All of these questions are implied by the scenario that unfolds in chapters three and four of Binary. It’s there, too, that the new dynamic between gems and norms is further demonstrated. In the three and a half years that have passed since the events of Gemsigns, gems have become legally equal and socially integrated with norms; but everyone knows (though they may be less quick these days to say), that they are not the same. Those who are beautiful and talented, funny and clever, are far more acceptable to mainstream – that is to say norm – society than the ill, the unattractive or the disabled. The glamour and celebrity of successful gems can be read on the one hand as a sign of progress, but it also serves to mask deep, lingering prejudices. And one of these is the uncertainty – on both sides – about one of the most vexed questions that arises whenever different ethnicities and cultures encounter each other: that of the next generation.
Just how far should integration, the mixing of different peoples, go?
The radical modifications to which gems have been subject means that procreation is often difficult; especially with a partner who doesn’t share them. Now that they are free to start families, gems often find that they can’t. But this is a world in which the tools exist to solve such problems.
And here we are again, back at technology. If the engineering that was used to create radically altered people in the first place is further used to enable them – of their own volition this time, at their own request – to have children, does that make it okay? And if it’s never okay, is that the sign of a society standing up for its principles; or is it merely further oppression, now in the guise of morality?
Personally, I’d say the latter. It’s tough to argue for the ethics of a policy that would effectively prevent reproduction and, carried to its logical extent, result in the elimination of an entire ethnic group. But that is the position of the Reversionist religious factions in Binary; a position which is to them entirely logical and moral. After all, gems did not arise naturally.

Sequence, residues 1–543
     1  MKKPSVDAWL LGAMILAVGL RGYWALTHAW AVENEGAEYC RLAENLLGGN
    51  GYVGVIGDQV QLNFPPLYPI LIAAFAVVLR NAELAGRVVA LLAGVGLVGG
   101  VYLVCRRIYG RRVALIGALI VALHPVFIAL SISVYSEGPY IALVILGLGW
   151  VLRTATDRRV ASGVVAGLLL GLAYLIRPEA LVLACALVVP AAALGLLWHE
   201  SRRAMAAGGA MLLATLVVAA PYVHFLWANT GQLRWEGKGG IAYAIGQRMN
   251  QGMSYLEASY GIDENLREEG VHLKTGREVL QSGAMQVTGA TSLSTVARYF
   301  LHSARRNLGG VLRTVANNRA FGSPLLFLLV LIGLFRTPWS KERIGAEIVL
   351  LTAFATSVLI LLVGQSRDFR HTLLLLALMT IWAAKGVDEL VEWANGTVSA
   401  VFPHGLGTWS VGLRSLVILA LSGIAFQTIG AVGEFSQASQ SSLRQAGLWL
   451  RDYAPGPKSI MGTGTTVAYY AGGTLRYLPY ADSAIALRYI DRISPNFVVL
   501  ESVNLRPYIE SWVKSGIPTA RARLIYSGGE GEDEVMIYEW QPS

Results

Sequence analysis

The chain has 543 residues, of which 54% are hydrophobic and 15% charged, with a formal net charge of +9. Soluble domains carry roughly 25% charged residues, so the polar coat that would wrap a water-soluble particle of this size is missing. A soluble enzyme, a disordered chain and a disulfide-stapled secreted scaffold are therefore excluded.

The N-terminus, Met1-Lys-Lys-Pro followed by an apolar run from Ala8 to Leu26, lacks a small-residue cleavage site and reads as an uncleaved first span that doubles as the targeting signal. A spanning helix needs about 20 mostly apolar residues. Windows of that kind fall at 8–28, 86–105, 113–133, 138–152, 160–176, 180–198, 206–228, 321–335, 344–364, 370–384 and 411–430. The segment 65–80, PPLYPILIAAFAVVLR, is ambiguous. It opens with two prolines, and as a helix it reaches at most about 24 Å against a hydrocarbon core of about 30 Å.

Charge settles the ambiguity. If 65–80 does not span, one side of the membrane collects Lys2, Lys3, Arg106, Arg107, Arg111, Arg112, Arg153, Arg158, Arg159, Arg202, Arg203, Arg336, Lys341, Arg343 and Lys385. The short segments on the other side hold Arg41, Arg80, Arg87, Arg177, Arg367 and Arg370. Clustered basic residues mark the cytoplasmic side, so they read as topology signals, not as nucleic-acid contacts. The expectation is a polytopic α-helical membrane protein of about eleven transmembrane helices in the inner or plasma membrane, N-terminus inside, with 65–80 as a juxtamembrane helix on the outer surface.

From there it’s a very short step to: after all, they really shouldn’t be here.
It may be a gentler, more gradual elimination than the violent ethnic cleansing of the godgangs in Gemsigns, but it is elimination nonetheless.
What that desire to excise the other, to ‘go back’, always back, to some supposed state of perfect stability, is a discomfort with change. With shifts in privilege, in the balance of power, in notions of what is, or is not, acceptable. With having to find good answers to hard questions. With the idea, and the reality, of evolution.
®Evolution became the title of what became a trilogy, in large part because it wasn’t obvious how you were *supposed* to say it. I’m not precious about it either way, but I am intrigued by how mandatory most people seem to think pronouncing the ‘R’ is.
I’ll leave you with this thought: both revolution and evolution are strategies for change. Both are ways of asking, and answering, questions.
Stephanie Saulter writes what she likes to think is literary science fiction. She is the author of the ®Evolution trilogy: the first novel, Gemsigns, is available everywhere and the second, Binary, is out in paperback in the UK and Europe on 2nd April (and in hardback in the US on 5th May). The final book, Regeneration, will be released in the UK in July. Stephanie lives in London, blogs unpredictably at stephaniesaulter.com and tweets only slightly more reliably as @scriptopus.